A life of love and strength

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Photo submitted: Samantha Moore, a 2009 Belen High School graduate, died April 11. Moore suffered from a rare heart condition, restrictive cardiomyopathy, and received a heart transplant in 2007 to combat the disease. Moore’s two siblings, one of whom died in 2008, also suffered from the same disease.

Samantha Moore, a 2009 Belen High School graduate, was beautiful, happy and full of life.

The 21-year-old mother, along with her two siblings, suffered from the same rare heart condition, restrictive cardiomyopathy.

Samantha received a heart transplant at the age of 15 to counteract her disease becoming worse with age, but on April 11, she lost her battle and passed away.

“I never thought she would be going this quick,” said Refugia Moore, Samantha’s grandmother and adoptive mother.

A graveside service will be held at 10 a.m., Monday, April 23, at Our Lady of Belen Memorial Gardens.

Samantha, who moved to Pocola, Okla. after graduation, leaves behind an 18-month-old son, Aiden Jay Moore.

Refugia said she can see traces of Samantha in Aiden’s personality.

“He’s a little devil,. He’s just as mischievous as Samantha was and he smiles all the time, the way Samantha did,” Refugia said. “He reminds me a lot of Samantha and has her characteristics … He’s just as adventurous as she was.”

Samantha showed her love for Aiden by covering her walls with pictures of the two together.

“From the day he was born — just born, she had the walls lined up with pictures of her and the little boy,” Refugia said.

The two were inseparable and went everywhere together.

“She just loved him, and she gave him everything,” she said.

Samantha, the oldest of the three siblings, exhibited the worst heart condition, which took Refugia and her husband, Raymond, by surprise.

“We hadn’t suspected anything,” she said. “We used to go for walks all the time, but she never complained about anything.”

Slowly, Samantha’s condition began to deteriorate with her heart beginning to shut down and later swelling and retaining fluid.

Around her 16th birthday in 2007, doctors said it was time for the teenager to get a new heart at The Children’s Hospital Heart Institute in Denver.

And throughout the entire ordeal, Samantha remained optimistic and upbeat.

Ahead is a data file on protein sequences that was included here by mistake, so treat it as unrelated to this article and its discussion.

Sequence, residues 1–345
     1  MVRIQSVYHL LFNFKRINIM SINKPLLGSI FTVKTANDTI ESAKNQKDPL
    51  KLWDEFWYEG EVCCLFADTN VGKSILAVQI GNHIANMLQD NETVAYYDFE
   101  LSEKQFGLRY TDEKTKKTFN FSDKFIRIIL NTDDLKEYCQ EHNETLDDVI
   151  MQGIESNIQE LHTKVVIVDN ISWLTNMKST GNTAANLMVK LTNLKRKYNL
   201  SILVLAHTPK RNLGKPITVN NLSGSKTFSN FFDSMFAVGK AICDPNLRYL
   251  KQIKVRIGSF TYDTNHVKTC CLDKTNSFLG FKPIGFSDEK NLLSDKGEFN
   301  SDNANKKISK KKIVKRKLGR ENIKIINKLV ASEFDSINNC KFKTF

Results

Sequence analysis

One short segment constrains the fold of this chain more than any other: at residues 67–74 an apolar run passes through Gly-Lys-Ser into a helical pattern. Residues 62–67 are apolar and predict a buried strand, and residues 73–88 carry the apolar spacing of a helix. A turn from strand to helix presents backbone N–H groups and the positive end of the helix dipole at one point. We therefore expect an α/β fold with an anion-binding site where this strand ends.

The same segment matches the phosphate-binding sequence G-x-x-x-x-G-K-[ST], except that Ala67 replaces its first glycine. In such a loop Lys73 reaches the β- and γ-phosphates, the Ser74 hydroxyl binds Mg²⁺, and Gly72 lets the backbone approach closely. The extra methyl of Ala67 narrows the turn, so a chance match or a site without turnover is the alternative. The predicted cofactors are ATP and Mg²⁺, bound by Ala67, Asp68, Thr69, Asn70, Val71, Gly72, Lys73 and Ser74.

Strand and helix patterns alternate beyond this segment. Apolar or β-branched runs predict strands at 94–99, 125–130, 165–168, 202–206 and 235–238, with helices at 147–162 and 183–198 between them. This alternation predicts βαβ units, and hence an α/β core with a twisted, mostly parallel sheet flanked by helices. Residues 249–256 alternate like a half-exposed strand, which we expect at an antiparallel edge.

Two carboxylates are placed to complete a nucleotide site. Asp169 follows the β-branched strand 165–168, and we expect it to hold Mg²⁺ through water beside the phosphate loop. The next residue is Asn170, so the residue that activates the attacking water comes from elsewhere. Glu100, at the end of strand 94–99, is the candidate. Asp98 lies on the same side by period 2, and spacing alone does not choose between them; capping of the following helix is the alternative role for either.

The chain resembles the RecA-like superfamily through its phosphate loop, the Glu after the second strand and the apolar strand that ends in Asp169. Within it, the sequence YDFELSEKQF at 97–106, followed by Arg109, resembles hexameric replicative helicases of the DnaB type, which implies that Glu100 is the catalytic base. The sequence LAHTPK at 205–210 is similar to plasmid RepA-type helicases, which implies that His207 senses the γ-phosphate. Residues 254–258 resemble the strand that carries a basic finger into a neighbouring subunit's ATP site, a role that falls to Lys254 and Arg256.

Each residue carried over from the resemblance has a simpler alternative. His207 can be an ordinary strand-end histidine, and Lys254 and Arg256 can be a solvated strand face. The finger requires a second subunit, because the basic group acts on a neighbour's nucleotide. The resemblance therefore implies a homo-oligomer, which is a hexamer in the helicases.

“I’m scared,” she told the News-Bulletin in March 2007. “Lately, I’ve been having nightmares, but I want to be able to play tennis here next year.”

She added she wanted to be a pediatric psychologist.

Her younger sister, Brandi, received a heart transplant less than a year after Samantha. Brandi’s body later rejected the new heart, likely the cause of a virus, and caused her death in December 2008.

Although Samantha wasn’t ill before her death, Refugia believes Samantha’s body rejected her heart transplant, too.

“We haven’t received an official diagnosis yet from the autopsy, but my opinion is that she went into acute rejection, because she had the same symptoms that Brandi had,” she said.

As a child, Samantha was funny, loved wearing hats and was “a little devil,” says Refugia.

“She would get into trouble, like climbing the walls, fighting with her brother, and she just loved to make herself up to play like she was a movie star,” she said, smiling as she looked through photo albums of her children.

While living in Oklahoma, Samantha participated in school and church choirs out of a love for music. While living in Belen, she was also a member of Our Lady of Belen choir.

She learned to play the violin, guitar, piano and banjo in an effort to one day become a nun.

“She really enjoyed the church songs that we sang and we practiced all the time at home,” she said. “She would go out on the porch and she would play her violin and great Gary would strum the guitar and we’d sing out on the porch.”

In school, Samantha had a competitive edge and worked diligently to get straight As. Samantha came in as a finalist in science fairs and was published as a young poet in a children’s literary collection.

“She could do almost anything,” her mother said. “I can’t tell you enough about her, but she was a very smart kid. It was tough trying to keep up with her.”

The young mother loved her brother and sister more than anything, Refugia said. Samantha had promised Refugia that when Refugia passed away, she would take care of her siblings and have her own place.

“Samantha wanted to be very independent, and she was independent and a go-getter,” she said.

Upon graduation, Samantha moved back to Pocola, Okla., to live with her biological father and make it on her own.


-- Email the author at aortiz@news-bulletin.com.